That wasn’t a rebuild! The old station still exists above the new one.

I fail to see how the new station decreased the line’s capacity when the problem is at the other end and the 3 tracks required to get in and out of the VC terminal. If they would replace that track mess with a high-speed crossover like at South Ferry, then both ends would be balanced. All southbound trains terminate at South Ferry; but the northern end has some trains short-turning at 137th Street during rush hours. Hmmm, capacity problem at VC?!

Jerrold September 14, 2011 - 10:12 pm

Yes, it DOES sound strange to say that it decreased that station’s capacity.
The old station could hold half a train.
The new station can hold two trains.

Andrew September 14, 2011 - 10:35 pm

I think he’s referring to track capacity of the terminal, not passenger capacity of the station. South Ferry isn’t one of the busier stations on the line, so it’s most important that the terminal trackage be able to support the demand for service uptown.

Which track arrangement has the superior capacity I can’t say – loops and traditional stub terminals each have advantages and disadvantages.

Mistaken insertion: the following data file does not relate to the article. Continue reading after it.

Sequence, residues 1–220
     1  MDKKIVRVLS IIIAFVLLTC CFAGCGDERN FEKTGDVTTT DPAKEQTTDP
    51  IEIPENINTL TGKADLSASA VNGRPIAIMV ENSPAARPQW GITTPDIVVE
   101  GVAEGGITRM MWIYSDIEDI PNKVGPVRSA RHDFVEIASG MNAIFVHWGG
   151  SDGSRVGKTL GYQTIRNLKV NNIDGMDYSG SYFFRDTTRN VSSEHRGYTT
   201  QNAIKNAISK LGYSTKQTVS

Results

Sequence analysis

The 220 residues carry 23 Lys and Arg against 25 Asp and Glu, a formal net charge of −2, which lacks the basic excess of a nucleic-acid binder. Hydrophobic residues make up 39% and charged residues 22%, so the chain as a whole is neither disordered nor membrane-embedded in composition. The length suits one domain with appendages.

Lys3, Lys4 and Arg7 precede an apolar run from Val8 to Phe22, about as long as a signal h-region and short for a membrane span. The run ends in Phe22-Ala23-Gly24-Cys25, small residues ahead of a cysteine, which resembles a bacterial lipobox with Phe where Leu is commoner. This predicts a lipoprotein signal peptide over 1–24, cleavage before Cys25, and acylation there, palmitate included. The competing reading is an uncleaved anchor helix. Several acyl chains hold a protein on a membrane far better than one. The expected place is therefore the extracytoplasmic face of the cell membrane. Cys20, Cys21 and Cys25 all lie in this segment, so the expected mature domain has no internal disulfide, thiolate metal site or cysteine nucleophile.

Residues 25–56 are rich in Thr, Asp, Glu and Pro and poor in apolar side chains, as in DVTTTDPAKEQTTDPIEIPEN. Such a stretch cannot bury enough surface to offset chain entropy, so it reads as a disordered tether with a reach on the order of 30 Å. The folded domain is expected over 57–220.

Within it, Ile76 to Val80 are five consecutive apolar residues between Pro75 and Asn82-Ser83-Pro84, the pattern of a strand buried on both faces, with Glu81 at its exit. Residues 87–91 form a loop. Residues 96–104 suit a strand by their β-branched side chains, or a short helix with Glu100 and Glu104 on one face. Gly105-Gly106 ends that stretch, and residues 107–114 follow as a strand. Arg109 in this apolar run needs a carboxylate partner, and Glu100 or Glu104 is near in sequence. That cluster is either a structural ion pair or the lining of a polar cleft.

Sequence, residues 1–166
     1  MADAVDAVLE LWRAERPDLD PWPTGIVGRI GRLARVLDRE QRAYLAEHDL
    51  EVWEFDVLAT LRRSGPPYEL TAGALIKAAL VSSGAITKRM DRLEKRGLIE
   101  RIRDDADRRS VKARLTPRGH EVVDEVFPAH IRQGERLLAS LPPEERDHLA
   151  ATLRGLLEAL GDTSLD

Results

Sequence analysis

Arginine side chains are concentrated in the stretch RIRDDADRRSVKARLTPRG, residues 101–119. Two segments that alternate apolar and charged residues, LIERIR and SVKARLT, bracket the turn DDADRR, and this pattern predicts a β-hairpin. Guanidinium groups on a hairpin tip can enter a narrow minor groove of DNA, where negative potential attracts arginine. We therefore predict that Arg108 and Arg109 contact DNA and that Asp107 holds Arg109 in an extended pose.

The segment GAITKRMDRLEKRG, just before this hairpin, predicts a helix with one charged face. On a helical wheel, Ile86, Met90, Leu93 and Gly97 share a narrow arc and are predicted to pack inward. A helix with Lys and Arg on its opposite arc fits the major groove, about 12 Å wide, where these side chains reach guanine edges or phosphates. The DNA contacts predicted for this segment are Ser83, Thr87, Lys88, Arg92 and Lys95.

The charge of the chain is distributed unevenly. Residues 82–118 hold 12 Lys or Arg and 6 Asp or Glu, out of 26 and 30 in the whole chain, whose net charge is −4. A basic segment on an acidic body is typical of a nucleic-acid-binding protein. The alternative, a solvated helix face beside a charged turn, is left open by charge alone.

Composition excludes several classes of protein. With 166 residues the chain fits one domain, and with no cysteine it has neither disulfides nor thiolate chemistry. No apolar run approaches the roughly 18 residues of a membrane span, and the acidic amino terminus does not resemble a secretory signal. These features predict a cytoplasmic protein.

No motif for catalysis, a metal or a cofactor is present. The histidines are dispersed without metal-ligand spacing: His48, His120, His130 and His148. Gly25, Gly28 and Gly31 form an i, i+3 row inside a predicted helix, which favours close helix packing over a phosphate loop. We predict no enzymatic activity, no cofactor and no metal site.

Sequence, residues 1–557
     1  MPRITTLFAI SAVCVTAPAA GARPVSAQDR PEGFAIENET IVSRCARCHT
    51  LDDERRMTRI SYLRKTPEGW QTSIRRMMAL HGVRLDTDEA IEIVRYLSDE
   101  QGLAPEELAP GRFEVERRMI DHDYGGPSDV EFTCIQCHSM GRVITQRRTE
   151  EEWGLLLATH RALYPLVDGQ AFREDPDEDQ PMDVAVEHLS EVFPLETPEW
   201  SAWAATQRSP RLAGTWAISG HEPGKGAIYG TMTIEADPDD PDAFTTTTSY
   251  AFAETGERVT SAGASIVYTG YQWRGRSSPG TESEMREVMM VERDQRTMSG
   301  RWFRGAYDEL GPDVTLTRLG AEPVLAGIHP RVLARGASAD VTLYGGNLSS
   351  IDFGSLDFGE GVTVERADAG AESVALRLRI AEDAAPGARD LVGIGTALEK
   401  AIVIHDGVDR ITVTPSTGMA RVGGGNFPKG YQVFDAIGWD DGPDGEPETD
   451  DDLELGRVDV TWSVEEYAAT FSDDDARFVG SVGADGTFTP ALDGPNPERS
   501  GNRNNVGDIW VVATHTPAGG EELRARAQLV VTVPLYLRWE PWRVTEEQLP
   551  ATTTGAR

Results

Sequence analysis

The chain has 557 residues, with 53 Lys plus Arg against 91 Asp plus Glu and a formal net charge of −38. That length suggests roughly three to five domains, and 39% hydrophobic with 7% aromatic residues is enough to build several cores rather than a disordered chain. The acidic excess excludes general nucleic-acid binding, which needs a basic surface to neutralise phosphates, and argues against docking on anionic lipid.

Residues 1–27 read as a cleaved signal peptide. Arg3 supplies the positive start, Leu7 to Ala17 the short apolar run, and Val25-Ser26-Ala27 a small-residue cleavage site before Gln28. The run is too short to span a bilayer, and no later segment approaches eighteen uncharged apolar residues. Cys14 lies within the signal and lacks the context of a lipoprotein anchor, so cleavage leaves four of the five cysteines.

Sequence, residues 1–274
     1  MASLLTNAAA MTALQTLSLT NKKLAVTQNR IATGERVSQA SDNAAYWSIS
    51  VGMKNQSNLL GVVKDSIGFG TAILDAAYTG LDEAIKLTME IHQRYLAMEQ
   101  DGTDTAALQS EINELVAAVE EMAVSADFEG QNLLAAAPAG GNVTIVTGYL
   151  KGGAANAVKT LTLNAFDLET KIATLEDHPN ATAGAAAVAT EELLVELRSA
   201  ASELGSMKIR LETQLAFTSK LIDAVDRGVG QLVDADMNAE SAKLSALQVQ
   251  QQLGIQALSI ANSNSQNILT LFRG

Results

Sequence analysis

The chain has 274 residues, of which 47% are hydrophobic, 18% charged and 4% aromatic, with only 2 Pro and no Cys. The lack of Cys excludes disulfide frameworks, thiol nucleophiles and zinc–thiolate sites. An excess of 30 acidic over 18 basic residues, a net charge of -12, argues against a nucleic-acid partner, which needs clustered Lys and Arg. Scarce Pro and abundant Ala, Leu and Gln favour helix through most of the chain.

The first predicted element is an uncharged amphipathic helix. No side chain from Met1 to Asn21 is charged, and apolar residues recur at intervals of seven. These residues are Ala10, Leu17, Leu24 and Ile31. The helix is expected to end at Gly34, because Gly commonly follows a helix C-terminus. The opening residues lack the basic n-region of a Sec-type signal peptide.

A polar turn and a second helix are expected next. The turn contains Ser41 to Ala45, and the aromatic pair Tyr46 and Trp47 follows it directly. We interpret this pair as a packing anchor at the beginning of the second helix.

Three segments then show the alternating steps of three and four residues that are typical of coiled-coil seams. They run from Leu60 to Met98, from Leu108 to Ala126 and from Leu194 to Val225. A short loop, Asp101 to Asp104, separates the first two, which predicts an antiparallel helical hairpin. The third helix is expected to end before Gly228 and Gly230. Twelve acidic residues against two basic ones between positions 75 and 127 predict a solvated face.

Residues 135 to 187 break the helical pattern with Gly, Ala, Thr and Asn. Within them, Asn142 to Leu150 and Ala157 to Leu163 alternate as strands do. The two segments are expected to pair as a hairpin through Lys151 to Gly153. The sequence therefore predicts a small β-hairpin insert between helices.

Tsuyoshi September 14, 2011 - 10:26 pm

Ridership is pretty low by the time you get to the northern end of the 1. It drops sharply after 137th.

Andrew September 14, 2011 - 10:30 pm

…and that’s why some trains drop out at 137th: to provide frequent service where it’s needed most without requiring additional cars or crews.

Alex C September 14, 2011 - 11:33 pm

Old South Ferry obviously still remains (5 has to use inner loop to turn when it terminates at Bowling Green). Still, any time you reduce a terminal’s train capacity it’s a bit of a let down. Never know when service needs may rise.

John September 14, 2011 - 8:29 pm

This is a bleeping disgrace. A subway to nowhere it is. And it’s Bloomberg’s fault. He is a big jerk off.

Jerrold September 14, 2011 - 10:08 pm

If by jerkoff you mean he’s stupid, then I must say that he’s NOT stupid. More like an evil genius. He bought himself a third term, and I’m not totally convinced he will not attempt to buy himself a fourth term. The 11th Ave./34th St. station serves the needs of his rich real estate friends.

Christopher September 15, 2011 - 10:11 am

And really there is NOTHING WRONG with building transit to make areas developable. It’s how and why much of the CURRENT SUBWAY was built. We seem to think nothing as a culture of building new roads in fields but BY GOD don’t build transit into anything other already existing neighborhoods! That’s not how you encourage smart growth and brown field development. Investing in transit as a way to spur land develop is absolutely the right thing to do.